Lights: When it comes to lights, Stephens, who has been in the holiday lighting business since 1996, says LED lights are the way to go. “They can cost three to eight times more than regular incandescent bulbs, but they are more efficient, more durable and last longer,” he says. His company, which installs holiday lights and decor, uses LED lights about 95 percent of the time.
For those who have concerns about extra-bright LED lights, he says to look for different options or update your lights. “Even in the past few years, the quality and options have improved,” he says.
Find holiday lights
Extras: Figurines and silhouette displays have also increased in popularity during the past three holiday seasons, Stephens says. These additions are great for areas of your home that don’t have any trees or places to naturally hang lights. “They also give your home a little more personality,” he says.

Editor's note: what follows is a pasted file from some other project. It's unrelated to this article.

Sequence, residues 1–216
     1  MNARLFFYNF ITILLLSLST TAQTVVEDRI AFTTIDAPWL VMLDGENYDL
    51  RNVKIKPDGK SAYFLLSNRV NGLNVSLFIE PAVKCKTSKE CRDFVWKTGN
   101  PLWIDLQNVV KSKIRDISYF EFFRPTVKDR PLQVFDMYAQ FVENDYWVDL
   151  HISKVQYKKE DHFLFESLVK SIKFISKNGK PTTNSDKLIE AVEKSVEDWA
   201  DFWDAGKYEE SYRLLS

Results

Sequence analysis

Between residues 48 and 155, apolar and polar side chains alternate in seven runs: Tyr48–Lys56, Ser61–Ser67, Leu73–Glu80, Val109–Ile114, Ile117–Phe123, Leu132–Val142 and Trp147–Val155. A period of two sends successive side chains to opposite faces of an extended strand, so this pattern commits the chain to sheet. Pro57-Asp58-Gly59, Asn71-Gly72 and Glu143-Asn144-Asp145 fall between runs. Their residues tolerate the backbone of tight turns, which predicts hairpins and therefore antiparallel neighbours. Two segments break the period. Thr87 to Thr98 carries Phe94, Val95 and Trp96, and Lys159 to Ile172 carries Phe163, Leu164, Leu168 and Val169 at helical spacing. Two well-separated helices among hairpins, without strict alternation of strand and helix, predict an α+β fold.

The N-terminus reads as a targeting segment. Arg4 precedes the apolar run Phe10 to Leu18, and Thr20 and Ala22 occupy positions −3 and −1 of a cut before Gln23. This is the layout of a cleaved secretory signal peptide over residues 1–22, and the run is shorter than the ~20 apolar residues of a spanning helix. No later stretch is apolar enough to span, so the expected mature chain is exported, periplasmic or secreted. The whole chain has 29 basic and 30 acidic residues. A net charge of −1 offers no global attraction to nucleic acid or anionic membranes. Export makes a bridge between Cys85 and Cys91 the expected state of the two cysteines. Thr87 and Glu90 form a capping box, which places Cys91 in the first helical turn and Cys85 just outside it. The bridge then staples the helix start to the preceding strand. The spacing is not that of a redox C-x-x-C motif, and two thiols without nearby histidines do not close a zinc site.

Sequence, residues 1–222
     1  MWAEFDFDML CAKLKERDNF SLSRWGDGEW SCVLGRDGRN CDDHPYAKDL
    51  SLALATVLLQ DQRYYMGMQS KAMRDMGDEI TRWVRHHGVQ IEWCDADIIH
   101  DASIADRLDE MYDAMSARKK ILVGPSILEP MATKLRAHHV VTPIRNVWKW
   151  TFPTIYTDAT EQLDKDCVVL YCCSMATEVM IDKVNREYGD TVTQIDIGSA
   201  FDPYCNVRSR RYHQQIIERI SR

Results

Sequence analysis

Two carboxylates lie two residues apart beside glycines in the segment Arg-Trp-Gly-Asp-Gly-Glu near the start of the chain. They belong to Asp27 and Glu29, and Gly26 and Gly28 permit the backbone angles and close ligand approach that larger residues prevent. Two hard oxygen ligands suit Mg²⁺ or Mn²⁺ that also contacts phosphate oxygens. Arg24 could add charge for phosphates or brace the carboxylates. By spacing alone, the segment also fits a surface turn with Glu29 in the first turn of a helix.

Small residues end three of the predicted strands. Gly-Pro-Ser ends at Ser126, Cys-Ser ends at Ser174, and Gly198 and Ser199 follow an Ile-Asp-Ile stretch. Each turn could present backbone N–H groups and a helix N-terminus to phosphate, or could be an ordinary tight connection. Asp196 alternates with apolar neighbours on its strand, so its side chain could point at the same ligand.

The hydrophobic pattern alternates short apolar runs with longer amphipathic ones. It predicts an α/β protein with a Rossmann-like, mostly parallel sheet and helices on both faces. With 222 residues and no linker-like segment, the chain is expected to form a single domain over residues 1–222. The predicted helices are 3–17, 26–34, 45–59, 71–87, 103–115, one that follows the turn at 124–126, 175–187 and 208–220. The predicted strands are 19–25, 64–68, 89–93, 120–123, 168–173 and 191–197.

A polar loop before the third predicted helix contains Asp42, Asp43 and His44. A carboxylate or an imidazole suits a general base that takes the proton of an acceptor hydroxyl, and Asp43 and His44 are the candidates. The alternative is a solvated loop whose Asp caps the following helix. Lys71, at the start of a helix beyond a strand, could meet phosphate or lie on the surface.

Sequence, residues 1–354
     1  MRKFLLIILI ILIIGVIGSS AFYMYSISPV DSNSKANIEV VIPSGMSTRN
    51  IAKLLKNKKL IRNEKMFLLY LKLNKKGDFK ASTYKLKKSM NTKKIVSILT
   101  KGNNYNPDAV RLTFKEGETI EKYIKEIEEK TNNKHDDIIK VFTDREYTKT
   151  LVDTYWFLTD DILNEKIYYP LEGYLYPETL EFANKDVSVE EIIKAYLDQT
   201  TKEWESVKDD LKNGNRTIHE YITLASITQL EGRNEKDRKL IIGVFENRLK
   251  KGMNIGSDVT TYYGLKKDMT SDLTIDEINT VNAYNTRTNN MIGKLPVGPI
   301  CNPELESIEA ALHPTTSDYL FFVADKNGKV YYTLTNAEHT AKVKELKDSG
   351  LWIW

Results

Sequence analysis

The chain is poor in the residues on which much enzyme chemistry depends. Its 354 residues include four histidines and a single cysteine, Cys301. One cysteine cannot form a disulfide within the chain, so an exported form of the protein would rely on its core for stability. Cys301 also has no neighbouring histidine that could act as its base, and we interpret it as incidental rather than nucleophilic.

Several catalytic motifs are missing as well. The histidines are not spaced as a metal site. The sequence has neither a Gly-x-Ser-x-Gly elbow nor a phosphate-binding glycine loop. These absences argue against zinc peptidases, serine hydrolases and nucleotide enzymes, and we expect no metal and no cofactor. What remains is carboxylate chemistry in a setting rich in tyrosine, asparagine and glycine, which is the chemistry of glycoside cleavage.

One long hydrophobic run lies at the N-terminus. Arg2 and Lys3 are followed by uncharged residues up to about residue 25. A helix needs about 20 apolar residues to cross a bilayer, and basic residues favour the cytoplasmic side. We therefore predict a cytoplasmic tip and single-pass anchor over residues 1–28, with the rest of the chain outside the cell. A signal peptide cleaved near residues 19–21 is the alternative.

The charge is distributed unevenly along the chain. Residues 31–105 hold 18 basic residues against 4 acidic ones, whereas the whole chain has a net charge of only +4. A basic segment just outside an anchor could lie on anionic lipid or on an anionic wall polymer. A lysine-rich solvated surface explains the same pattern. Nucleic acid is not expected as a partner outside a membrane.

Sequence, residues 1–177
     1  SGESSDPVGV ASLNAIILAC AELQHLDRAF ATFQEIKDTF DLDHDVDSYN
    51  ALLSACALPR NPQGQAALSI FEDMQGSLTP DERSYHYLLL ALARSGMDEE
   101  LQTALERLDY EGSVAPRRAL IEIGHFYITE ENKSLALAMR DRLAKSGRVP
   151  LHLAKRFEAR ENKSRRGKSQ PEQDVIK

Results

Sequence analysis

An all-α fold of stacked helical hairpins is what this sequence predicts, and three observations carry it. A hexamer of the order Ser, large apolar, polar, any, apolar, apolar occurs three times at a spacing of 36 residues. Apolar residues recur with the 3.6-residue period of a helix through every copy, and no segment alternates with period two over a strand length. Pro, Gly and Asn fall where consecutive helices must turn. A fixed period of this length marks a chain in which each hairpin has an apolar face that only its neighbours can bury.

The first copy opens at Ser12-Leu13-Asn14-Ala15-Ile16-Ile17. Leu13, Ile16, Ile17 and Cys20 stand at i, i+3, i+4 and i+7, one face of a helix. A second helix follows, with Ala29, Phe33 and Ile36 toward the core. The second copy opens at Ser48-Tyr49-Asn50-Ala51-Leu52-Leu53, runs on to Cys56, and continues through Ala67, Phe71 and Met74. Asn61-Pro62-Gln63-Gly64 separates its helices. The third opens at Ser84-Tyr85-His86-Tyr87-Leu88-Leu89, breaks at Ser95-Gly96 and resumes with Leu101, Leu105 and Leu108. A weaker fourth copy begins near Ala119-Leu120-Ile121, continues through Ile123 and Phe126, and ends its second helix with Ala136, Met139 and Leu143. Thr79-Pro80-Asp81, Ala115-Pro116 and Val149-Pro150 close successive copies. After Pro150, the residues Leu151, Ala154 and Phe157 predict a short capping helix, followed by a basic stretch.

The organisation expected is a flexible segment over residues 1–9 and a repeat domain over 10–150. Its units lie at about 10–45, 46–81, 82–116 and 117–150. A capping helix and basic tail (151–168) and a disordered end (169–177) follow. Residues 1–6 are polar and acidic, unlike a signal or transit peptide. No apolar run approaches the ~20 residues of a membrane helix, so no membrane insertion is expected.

The future of lights: While not common on residential buildings quite yet, Stephens has worked with businesses to install lights that are more permanent and custom.
Minleon offers RGB lighting, which gives the user color control over the bulbs. Each bulb has three LEDs: one red, one green and one blue. This combination of lights can work together to display just about any color. This technology comes at a price, with lighting kits costing $150 and up.
Inception Lighting offers a more built-in, year-round experience. The lights are installed on the building in a track with a cover that can enclose the lights when they are not in use. These lights have use outside the holiday season, Stephens says. He’s seen them used to represent favorite sports teams or give a building a spooky glow for Halloween.
Hanging hardware: Every house is different, but Stephens and his team have found a hanging solution for almost any decoration or exterior finish. Stephens’ company turns to Adams Manufacturing for their holiday hardware needs or uses simple supplies from a local hardware store.